The remainder of this blog post describes the preparation and process we went through to upgrade to 2012 SP1.

Prerequisites and Preparation

To get ready for SP1, we upgraded our test environment about ten times to ensure we understood the impact of the upgrade and could validate that both core ticketing and the DW/reporting components all worked as expected after the fix. This meant building out SM and connecting it to our production OM to simulate load and configuration as close as possible. Granted, we started the testing with early RC builds, but even with RTM SP1 bits, we’d recommended at least a couple of full tests.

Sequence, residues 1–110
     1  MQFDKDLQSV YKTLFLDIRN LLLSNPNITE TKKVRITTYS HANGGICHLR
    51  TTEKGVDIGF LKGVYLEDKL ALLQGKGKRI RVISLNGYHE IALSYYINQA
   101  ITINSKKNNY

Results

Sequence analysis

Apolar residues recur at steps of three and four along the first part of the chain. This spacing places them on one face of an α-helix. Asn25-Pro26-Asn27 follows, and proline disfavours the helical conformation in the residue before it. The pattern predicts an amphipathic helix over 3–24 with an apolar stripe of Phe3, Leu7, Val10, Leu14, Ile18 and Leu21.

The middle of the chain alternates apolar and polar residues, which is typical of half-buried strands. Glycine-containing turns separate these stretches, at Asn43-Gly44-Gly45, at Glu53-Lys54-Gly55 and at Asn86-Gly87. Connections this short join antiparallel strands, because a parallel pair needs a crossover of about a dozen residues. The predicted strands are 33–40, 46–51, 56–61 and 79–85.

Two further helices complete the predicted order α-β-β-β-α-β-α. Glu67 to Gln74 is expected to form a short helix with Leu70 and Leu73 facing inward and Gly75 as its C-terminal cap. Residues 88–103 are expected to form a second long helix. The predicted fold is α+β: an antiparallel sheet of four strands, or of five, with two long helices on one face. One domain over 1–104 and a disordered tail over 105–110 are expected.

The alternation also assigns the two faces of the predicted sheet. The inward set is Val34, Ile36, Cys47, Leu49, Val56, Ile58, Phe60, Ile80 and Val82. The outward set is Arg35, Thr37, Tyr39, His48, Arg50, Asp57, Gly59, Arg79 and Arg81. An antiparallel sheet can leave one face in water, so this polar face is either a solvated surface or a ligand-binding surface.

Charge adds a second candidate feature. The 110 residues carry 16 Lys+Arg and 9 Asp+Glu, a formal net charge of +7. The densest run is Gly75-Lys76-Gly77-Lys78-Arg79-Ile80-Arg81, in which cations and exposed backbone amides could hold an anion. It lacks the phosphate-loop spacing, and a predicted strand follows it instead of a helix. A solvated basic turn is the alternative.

One area we noticed right away is that some of our custom PowerShell commands stopped working on SP1 upgrade. This was traced back to a missed reference change. This fix will be in a future Cumulative Update (CU), but in the meantime if you are leveraging PowerShell in your SM implementation, you’ll need to do the following. The MonitoringHost.exe.config file in C:\Program Files\Microsoft System Center 2012\Service Manager needs to be updated to reflect the latest PowerShell version. See below for what our MonitoringHost.exe.config looks like after being updated to 7.0.5000.0:

image

Note: The addition here is the <bindingRedirect> element.

<dependentAssembly>

<assemblyIdentity name="Microsoft.EnterpriseManagement.Modules.PowerShell" publicKeyToken="31bf3856ad364e35" />

<bindingRedirect oldVersion="6.0.4900.0" newVersion="7.0.5000.0" />

</dependentAssembly>

The Upgrade